Tuesday, November 4, 2008

Chomsky on War Crimes

If you're a Noam Chomsky fan, then you've probably heard this provocative statement plenty of times: "if the standards of the Nuremberg Trials were applied, then every post World War II American president would have been hanged as a war criminal." Here are some of each president's war crimes, according to Chomsky, from Truman to Clinton (this is taken from a 1996 interview with Tom Morello) :

Well, with Truman you could start with, shortly after he entered office there was the bombing of Hiroshima, which maybe one could give an argument for -- well, I don't think so -- but it is almost impossible to give an argument for the bombing of Nagasaki. That was mostly just trying out a new weapon to see if it would work. Then there was an utterly gratuitous bombing, a one thousand plane raid at the end of the war -- right in fact after Japan surrendered -- called the "finale," the grand finale. Then comes, for example, the support for the brutal counter-insurgency campaign in Greece, which killed about 150,000 people to basically restore Nazi collaborators and demolish the resistance. And then we could go on from there.

Eisenhower. The Eisenhower administration, the Truman and Eisenhower administration, the bombings -- whatever you think about the Korean War, and there is a pretty complicated story when you really look at it, but nevertheless the bombings in North Korea in 1951 and 1952 was just an outright war crime. You can read in the Air Force history about how in the Eisenhower years they had nothing left to bomb, everything was flat, so they just bomb dams, which they exalt how wonderful it was to see the water flooding down and killing people and wiping out the crops and so on. Well people were hanged for that, for less than that. They were hanged for opening dikes in Nuremberg. And then again we can proceed with what happened in Guatemala and elsewhere where it was a terrible crime in the Eisenhower years.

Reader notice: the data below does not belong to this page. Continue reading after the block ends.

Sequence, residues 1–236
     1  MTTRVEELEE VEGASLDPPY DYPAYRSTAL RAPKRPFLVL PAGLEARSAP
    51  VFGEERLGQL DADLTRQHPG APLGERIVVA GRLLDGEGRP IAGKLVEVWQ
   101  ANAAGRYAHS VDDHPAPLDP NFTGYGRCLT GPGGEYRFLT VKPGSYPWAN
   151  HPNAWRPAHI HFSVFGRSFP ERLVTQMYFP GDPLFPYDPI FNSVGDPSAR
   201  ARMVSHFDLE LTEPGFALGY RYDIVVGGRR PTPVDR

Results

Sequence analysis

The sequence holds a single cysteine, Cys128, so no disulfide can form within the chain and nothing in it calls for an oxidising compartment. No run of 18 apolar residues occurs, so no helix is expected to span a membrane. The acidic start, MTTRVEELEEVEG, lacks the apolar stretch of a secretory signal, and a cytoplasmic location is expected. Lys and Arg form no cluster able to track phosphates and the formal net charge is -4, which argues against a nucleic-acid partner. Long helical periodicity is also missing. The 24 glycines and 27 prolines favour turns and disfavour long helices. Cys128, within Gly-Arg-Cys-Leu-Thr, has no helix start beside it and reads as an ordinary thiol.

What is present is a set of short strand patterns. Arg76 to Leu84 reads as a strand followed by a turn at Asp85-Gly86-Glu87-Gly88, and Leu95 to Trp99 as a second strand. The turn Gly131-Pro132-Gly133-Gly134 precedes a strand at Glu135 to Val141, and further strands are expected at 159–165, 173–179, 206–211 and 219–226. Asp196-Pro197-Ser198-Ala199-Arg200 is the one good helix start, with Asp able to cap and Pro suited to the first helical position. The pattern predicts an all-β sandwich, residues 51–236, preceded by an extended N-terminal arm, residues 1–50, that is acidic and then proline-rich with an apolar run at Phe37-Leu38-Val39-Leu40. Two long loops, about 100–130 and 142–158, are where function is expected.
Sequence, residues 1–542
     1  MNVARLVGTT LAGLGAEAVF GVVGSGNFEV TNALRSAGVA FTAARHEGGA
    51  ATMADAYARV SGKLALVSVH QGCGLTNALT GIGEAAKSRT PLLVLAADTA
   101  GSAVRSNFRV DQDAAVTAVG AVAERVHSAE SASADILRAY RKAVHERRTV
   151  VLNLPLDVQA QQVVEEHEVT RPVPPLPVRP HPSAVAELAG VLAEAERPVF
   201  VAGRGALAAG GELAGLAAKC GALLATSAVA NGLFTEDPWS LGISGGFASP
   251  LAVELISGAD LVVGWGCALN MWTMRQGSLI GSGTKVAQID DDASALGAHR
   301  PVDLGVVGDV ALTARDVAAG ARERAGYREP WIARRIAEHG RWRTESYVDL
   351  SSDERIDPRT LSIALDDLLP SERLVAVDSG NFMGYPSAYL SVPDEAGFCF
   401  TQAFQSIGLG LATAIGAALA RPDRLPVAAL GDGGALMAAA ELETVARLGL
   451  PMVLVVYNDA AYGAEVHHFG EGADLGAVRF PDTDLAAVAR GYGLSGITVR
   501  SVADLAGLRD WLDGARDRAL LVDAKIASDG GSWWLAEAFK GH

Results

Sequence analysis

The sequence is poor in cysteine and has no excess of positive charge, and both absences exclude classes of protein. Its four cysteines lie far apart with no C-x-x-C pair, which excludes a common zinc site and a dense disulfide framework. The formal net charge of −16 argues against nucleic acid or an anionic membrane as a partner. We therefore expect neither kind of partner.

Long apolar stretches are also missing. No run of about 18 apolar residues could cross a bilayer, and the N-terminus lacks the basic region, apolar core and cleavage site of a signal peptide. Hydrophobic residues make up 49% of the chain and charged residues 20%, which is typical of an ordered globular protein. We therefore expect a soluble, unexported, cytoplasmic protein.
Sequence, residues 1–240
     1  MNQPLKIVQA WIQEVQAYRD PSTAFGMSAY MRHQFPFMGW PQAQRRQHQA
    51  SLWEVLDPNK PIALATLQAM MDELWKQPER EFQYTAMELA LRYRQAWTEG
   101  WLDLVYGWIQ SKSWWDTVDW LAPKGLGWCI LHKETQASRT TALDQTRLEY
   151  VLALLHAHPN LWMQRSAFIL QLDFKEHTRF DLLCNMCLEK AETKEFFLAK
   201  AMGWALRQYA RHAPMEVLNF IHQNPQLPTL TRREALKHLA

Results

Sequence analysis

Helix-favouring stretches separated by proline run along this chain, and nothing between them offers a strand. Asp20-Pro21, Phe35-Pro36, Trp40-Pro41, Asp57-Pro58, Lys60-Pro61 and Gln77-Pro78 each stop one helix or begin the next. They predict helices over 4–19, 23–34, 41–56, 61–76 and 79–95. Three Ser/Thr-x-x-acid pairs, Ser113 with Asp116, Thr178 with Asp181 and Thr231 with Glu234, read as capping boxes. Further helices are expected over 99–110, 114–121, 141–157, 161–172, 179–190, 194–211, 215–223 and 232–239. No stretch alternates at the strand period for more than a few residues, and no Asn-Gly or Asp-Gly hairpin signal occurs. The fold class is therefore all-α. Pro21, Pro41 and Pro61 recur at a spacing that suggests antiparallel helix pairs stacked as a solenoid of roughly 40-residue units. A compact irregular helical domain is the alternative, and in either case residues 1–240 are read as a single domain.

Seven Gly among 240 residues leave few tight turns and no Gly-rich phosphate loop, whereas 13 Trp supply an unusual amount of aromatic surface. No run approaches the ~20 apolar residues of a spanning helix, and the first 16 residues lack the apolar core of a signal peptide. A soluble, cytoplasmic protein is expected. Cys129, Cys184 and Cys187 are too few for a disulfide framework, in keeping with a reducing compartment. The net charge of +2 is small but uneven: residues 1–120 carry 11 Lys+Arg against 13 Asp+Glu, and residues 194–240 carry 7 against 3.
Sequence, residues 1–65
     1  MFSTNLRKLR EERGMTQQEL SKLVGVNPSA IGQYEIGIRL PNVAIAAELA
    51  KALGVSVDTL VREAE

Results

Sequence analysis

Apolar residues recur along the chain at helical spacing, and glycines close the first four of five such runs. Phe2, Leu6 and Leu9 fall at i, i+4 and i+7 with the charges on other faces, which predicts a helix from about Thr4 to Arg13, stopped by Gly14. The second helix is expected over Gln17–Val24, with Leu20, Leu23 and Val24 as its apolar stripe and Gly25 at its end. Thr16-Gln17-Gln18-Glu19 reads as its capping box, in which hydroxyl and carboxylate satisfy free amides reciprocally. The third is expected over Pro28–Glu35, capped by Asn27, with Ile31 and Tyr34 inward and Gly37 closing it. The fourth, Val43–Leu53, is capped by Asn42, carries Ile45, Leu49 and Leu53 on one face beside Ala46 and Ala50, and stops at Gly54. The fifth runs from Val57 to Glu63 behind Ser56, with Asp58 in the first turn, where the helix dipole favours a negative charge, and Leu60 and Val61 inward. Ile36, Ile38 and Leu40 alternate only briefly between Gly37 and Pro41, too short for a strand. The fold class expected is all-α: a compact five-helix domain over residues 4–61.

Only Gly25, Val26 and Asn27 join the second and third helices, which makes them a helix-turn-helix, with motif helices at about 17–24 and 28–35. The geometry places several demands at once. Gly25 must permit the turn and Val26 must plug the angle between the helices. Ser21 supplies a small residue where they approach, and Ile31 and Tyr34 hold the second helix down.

Kennedy is not even worth discussing. The invasion in South Vietnam -- Kennedy attacked South Vietnam, outright. In 1961-1962 he sent Air Force to start bombing villages, authorized napalm. Also laid the basis for the huge wave of repression that spread over Latin America with the installation of Neo-Nazi gangsters that were always supported directly by the United States. That went on and in fact picked up under Johnson.

In the Nixon years, for example, the bombing of inner Cambodia in 1973 was a monstrous crime. It was just massacring peasants in inner Cambodia. It isn't much reported here because nobody paid attention, but it was quite a part in helping create the basis for the Khmer Rouge. Well, the CIA estimate is that 600,000 people were killed in the course of those US actions, either directed or actually carried out by the United States.